The Sweetest Experiment – Chocolate and Solvents

Grade Levels: 3 - 8

The town of Hershey, Pennsylvania, has a slogan in which it claims to be the sweetest place on earth. That may or may not be true, but one thing is certain. The chocolate that is made in Hershey, Pennsylvania, sure is sweet, and that's part of why you'll love this science experiment.

Do you ever make hot chocolate from the powdered hot chocolate mix? You heat a cup of water or milk in the microwave, and then put the powder into the hot liquid, right? When the powder dissolves, you've got hot chocolate.

The water or milk in your cup is the solvent, and the powder that you pour into the cup is the solute. Briefly, a solute is something that gets dissolved. A solvent, on the other hand, is the substance in which the solute is dissolved.

In this, the sweetest of all experiments, you're going to test three methods of dissolving chocolate candy, such as a Hershey's Kiss. All you'll need is three Hershey's Kisses, or a similar, soft candy, your mouth, a clock or watch, and paper and pencil.

  1. The first step of the experiment is to simply place the candy in your mouth and do nothing. Don't move your tongue around in your mouth, and, whatever you do, don't chew. You're letting the saliva in your mouth act as the solvent-the material in which the candy solute will eventually dissolve.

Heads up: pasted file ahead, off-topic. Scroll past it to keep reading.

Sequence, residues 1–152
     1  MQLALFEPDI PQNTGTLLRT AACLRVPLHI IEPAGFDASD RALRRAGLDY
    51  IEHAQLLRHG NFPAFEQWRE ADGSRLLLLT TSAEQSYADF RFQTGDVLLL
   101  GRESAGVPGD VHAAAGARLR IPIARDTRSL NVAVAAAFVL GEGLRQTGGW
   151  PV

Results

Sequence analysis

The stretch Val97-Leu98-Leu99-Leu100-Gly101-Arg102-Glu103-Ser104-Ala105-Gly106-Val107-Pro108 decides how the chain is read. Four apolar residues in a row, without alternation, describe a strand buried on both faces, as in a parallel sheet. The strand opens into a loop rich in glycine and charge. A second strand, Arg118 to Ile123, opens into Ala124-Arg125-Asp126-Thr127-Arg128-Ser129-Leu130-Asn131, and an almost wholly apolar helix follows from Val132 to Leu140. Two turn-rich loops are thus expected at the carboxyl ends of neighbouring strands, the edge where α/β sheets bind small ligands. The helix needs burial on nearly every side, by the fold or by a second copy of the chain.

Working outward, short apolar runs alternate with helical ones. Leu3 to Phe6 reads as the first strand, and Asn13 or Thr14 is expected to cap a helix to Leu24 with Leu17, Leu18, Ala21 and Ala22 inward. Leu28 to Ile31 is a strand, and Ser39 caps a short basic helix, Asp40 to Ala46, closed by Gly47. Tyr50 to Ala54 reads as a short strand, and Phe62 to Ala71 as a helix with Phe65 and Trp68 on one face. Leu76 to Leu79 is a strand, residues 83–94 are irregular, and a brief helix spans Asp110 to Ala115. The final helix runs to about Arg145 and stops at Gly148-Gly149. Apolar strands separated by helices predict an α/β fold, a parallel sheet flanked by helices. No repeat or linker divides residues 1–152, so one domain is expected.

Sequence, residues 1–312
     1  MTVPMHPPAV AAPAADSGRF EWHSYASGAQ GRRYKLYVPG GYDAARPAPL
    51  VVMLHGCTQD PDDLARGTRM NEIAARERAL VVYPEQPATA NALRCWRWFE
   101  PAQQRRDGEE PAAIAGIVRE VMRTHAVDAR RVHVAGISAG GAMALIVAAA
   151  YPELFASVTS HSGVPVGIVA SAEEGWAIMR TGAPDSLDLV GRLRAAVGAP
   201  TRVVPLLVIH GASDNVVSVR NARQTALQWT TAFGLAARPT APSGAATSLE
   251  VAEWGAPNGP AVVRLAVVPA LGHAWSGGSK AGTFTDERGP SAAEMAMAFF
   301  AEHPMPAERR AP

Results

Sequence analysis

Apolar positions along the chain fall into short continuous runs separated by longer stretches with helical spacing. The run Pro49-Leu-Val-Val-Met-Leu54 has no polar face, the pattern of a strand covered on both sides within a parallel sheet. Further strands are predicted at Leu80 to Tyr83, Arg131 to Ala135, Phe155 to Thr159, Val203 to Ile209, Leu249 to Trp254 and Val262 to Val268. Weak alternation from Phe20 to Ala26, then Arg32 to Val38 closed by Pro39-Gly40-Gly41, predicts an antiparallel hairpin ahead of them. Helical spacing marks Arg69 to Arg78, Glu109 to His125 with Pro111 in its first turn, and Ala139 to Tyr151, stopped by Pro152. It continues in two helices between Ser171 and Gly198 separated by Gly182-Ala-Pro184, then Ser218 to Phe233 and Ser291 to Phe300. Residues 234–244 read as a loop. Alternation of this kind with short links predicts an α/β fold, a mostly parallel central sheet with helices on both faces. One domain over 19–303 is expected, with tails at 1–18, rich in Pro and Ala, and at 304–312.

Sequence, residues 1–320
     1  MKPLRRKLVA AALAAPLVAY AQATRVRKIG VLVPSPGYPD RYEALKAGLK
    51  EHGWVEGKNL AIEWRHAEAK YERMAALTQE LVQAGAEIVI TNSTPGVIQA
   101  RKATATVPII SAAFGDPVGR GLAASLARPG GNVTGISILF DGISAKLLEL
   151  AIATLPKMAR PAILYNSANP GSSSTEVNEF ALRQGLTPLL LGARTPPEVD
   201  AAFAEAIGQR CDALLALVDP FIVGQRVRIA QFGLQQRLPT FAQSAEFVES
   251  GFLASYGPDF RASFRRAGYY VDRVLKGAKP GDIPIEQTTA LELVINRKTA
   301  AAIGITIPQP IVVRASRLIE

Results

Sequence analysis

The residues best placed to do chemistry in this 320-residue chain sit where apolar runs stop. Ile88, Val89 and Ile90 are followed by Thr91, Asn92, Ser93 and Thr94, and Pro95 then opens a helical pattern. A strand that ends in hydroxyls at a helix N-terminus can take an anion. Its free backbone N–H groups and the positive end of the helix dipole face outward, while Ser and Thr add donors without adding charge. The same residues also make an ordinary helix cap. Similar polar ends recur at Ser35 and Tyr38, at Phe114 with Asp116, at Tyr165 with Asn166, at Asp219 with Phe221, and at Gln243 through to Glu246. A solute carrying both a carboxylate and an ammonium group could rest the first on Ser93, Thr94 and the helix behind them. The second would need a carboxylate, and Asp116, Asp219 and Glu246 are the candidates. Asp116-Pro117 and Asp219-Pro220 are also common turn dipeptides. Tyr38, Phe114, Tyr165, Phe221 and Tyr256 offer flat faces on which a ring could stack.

The only real work in this part is that you've got to note the time that the candy goes into your mouth, and the time at which the candy has completely dissolved.

  2. For the second step, put the candy in your mouth, noting the time. This time, you can move your tongue around in your mouth, sort of pushing the candy from side to side. Do not chew. When the candy has completely dissolved, record your time.

  3. With the third piece of candy, record the time that you put it in your mouth, and then go ahead and chew the candy until it's gone. Mark down the time at which the entire piece had dissolved.

    It probably will be no surprise to you that the piece of candy you chewed dissolved the fastest, and that the piece that just sat in your mouth took the most time of the three to dissolve. This is because moving the candy around in your mouth exposed more of the surface area to the solvent (your saliva) than when the candy was just sitting still in your mouth. Just like with the hot chocolate mix, the candy dissolved by spreading out evenly in the solvent.

    If you think about making hot chocolate, you'll realize that the process is more successful when you stir the powder in the milk or water instead of just pouring it in and letting it sit there. That's because stirring spreads the solute evenly in the solvent.

So you see, science doesn't have to be at all boring or dry – it can be exciting and lots of fun. Science is a living, always expanding field, and is important to every aspect of our lives. We all rely on science for our food, our health, and our very lives.

Excerpted from The Complete Idiot's Guide to Science Fair Projects © 2003 by Nancy K. O'Leary and Susan Shelly. All rights reserved including the right of reproduction in whole or in part in any form. Used by arrangement with Alpha Books, a member of Penguin Group (USA) Inc.

To order this book visit the Idiot's Guide website or call 1-800-253-6476.

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